PMC Bank collapsed last year because it lent a sizeable portion of its assets to real estate firm HDIL, which has collapsed since
Mumbai-based PMC Bank, which has defaulted on payments to its depositors, is facing double trouble. The Income Tax Department
has asked the bank to deduct tax at source on interest paid on deposits, and submit it in the March quarter.
The bank defaulted on repayments on deposits of Rs 9,000 crore last year and since then it is crediting interest to the deposit holders’ accounts to avoid law and order problems.
collapsed last year because it lent a sizeable portion of its assets to real estate firm HDIL, which has collapsed since.
“The bank has no money left to pay interest but it is crediting notional interest to deposit holders’ accounts to maintain peace. But the tax department’s instruction has shocked the bank’ officials,” said a source close to the development.
In the December quarter, the bank paid Rs 7 crore as tax deducted at source (TDS) from its coffers, and is now left with only Rs 200 crore.
A source said soon after the Reserve Bank of India (RBI) appointed an administrator for the bank in September last year, the bank had sought exemption in payment/deduction of tax on interest on deposits. The Mumbai TDS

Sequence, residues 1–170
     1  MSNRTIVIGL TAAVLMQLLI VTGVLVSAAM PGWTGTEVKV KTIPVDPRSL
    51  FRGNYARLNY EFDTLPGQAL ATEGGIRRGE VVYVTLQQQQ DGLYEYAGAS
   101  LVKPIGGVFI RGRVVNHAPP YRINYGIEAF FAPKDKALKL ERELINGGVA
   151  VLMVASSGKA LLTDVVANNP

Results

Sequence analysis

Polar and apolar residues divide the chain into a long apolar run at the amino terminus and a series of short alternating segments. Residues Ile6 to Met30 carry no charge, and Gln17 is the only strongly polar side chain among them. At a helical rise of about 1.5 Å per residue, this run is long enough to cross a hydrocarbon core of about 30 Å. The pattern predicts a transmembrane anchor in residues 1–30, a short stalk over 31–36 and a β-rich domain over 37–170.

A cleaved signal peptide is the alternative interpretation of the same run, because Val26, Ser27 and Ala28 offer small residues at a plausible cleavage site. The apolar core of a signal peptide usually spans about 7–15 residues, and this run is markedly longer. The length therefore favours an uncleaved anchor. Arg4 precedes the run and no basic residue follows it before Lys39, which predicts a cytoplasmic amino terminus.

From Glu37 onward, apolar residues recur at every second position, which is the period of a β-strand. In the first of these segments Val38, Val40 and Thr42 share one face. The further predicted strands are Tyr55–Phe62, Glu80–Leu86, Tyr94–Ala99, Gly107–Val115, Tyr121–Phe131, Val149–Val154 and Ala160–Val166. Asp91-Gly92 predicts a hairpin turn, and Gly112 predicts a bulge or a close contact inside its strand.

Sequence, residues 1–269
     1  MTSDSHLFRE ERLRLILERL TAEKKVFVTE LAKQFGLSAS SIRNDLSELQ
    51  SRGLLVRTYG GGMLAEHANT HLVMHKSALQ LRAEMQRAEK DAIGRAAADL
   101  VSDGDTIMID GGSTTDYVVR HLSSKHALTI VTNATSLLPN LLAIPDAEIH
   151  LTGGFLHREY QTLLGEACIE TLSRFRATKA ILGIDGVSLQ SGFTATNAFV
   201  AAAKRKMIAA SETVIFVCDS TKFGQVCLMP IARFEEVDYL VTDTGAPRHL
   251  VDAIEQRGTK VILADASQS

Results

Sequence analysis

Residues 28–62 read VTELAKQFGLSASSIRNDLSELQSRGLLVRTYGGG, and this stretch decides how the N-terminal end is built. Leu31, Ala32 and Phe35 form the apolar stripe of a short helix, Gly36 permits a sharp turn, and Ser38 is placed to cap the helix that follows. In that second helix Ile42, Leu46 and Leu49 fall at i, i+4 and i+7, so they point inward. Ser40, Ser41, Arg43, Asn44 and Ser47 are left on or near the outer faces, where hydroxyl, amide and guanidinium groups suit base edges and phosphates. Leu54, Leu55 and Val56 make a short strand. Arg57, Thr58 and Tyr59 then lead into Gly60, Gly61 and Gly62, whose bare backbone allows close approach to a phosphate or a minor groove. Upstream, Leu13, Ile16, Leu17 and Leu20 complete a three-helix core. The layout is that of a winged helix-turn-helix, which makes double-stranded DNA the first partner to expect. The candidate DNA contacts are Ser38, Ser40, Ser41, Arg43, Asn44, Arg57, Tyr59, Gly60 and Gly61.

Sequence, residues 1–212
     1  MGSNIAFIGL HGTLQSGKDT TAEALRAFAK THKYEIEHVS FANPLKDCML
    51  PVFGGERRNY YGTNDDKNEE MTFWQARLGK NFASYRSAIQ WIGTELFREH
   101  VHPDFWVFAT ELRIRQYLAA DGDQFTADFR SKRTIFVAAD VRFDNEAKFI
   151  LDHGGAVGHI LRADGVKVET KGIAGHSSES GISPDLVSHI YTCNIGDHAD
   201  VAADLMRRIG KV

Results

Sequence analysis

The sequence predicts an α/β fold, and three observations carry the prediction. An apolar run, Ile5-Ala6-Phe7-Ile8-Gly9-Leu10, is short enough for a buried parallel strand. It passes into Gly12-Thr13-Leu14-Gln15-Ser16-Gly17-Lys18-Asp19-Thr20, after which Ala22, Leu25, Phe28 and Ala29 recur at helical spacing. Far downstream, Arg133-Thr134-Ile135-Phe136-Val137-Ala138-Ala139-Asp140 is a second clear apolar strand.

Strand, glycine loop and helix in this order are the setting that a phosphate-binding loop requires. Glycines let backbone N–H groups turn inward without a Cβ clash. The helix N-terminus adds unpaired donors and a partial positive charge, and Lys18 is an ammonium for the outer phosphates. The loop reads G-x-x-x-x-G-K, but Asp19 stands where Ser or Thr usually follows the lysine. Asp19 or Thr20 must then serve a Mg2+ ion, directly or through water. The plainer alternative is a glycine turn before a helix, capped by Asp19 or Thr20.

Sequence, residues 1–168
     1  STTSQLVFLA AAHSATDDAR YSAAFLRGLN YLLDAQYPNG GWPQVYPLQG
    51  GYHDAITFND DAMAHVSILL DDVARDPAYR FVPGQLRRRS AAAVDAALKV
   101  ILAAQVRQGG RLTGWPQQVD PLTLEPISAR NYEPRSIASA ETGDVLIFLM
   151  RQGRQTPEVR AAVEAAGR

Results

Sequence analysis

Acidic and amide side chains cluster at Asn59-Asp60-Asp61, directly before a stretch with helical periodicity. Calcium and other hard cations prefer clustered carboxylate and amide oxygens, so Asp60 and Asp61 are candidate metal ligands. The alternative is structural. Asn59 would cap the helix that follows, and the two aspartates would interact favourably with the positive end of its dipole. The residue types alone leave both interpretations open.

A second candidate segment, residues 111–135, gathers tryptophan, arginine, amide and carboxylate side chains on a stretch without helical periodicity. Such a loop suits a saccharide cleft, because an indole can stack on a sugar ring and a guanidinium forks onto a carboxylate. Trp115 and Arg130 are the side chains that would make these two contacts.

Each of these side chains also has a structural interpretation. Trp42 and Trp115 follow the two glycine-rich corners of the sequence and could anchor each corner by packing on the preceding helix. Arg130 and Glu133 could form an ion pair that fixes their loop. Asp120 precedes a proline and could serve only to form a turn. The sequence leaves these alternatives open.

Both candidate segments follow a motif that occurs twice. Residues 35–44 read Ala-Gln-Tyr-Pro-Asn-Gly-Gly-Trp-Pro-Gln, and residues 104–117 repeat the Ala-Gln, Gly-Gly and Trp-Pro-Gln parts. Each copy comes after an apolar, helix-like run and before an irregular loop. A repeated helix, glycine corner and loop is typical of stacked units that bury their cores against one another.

department rejected this request in January this year. In December last year, functionaries of the TDS
department visited the bank to verify whether the TDS
dues had been paid.
The bank, which has stopped earning from its operations, decided to credit the notional interest to the depositors’ accounts in the hope of some financial bailout from the Central government. But no bailout has come the bank’s way.
“After the scam, the bank is left with only Rs 200 crore in its account. Now the tax department is taking out money from this kitty, citing TDS. Instead of getting a bailout, the bank is losing more money,” said the source.
The RBI told the Bombay High Court in November last year the failed bank had used special codes to hide hundreds of dummy loan accounts of HDIL.
Only the top management of the bank, including its directors, had access to HDIL’s accounts.
Investigations later found symbiotic relations between HDIL
and PMC Bank
with top bank officials holding stake in HDIL
and having financial dealings.
Waryam Singh, former chairman of PMC Bank
and former director of HDIL, held 1.91 per cent in Housing Development Infrastructure Ltd (HDIL) till September 2017, just a few months before the real estate company was sent to bankruptcy court by the lenders in 2018. HDIL, which was once among top developers and the darling of global investors on stock markets, faced severe liquidity challenges due to mounting debt, delay in getting cash from customers, dwindling launches, and delays in Mumbai airport projects.
The bank’s deposit holders took to the streets to protest against the bank. Later HDIL promoters and Singh were arrested. The Enforcement Directorate is also investigating the case.
The government in the Budget this year has increased the threshold of deposit holder insurance to Rs 5 lakh, which would be paid on their deposits if PMC Bank goes into liquidation.